Elderly adults are more likely to develop delirium after major surgery, but there is limited knowledge of the vulnerability for postoperative delirium. In this study, we aimed to identify neural predisposing factors for postoperative delirium and develop a prediction model for estimating an individual's probability of postoperative delirium. Among 57 elderly participants with femoral neck fracture, 25 patients developed postoperative delirium and 32 patients did not. We preoperatively obtained data for clinical assessments, anatomical MRI, and resting-state functional MRI. Then we evaluated gray matter (GM) density, fractional anisotropy, and the amplitude of low-frequency fluctuation (ALFF), and conducted a group-level inference. The prediction models were developed to estimate an individual's probability using logistic regression. The group-level analysis revealed that neuroticism score, ALFF in the dorsolateral prefrontal cortex, and GM density in the caudate/suprachiasmatic nucleus were predisposing factors. The prediction model with these factors showed a correct classification rate of 86% using a leave-one-out cross-validation. The predicted probability computed from the logistic model was significantly correlated with delirium severity. These results suggest that the three components are the most important predisposing factors for postoperative delirium, and our prediction model may reflect the core pathophysiology in estimating the probability of postoperative delirium.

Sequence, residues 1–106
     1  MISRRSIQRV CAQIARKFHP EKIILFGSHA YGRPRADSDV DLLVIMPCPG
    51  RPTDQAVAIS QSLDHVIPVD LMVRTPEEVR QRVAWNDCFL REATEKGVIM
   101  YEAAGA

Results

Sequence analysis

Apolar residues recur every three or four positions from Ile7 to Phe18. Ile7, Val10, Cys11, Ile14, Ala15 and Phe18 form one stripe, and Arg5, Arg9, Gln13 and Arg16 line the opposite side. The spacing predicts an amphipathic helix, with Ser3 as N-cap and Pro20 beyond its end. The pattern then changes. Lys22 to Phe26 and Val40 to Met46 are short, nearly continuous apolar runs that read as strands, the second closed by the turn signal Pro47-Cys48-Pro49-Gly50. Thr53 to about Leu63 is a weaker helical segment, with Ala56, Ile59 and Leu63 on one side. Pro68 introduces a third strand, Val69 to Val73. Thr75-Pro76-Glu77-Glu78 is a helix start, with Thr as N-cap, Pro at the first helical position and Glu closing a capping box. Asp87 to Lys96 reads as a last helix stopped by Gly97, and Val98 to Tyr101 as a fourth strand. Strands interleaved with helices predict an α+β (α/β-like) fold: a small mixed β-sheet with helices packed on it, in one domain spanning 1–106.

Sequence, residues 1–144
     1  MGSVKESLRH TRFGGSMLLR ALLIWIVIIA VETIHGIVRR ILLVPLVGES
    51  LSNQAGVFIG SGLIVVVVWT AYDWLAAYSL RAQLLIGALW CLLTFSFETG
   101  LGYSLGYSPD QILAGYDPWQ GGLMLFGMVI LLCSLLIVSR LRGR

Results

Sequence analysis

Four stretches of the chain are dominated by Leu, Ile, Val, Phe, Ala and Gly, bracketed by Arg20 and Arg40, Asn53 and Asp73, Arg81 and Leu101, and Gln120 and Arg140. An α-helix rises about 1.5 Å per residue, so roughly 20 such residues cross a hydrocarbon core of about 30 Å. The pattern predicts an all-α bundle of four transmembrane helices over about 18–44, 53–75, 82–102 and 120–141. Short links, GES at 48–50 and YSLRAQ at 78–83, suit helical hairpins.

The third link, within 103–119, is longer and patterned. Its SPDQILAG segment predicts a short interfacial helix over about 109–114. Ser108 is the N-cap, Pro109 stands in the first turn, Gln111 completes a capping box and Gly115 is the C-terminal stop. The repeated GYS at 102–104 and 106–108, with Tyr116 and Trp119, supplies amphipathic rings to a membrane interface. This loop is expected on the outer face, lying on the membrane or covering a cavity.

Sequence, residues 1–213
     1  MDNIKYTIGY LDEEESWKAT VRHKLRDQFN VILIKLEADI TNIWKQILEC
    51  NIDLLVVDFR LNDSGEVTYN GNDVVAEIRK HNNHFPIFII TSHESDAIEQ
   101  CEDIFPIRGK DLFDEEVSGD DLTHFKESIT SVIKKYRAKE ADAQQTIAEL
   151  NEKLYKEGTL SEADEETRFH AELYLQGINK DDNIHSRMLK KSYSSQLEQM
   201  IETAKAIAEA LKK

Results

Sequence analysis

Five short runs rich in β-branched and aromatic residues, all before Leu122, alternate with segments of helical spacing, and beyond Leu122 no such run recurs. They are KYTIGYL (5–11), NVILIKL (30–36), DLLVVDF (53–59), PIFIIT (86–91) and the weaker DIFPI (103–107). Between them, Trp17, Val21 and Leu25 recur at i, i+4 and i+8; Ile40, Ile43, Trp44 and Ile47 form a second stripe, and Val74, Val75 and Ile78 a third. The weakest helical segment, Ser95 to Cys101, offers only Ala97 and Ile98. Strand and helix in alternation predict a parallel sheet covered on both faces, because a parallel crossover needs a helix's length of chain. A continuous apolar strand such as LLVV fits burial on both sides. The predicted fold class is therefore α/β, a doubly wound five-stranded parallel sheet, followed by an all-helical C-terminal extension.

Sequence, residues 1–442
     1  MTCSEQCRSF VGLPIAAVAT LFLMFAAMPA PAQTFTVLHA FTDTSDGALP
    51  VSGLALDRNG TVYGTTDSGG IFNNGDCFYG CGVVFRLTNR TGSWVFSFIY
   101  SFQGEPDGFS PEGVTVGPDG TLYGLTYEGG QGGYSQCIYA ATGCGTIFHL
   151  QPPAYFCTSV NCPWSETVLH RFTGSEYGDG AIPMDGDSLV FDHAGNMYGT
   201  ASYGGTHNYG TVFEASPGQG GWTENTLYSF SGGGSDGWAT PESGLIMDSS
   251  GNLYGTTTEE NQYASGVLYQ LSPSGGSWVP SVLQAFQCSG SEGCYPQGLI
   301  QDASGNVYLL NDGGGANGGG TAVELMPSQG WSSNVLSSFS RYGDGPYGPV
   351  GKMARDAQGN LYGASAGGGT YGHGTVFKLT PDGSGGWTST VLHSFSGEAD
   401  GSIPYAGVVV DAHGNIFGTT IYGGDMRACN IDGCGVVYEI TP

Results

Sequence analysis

Bibliographical noteFunding Information:
We thank In Jung Son, M.D., Ho Jun Choi, M.D., Min Suk Ko, M.D., Jun Yeol Lim, M.D., Sang Yok Seok, M.D., and Jun Young Kim, M.D. for helping with data collection. We also gratefully acknowledge the nursing staffs of the emergency center and orthopedic unit for their support in enrolling patients, and illustrator Eunha Lim for drawing the figure depicting the femur fracture and a delirious patient. This research was supported by the Korea Health Technology R&D Project through the Korea Health Industry Development Institute (KHIDI), funded by the Ministry of Health & Welfare, Republic of Korea (Grant number: HI16C0132).
© 2018 The Author(s).
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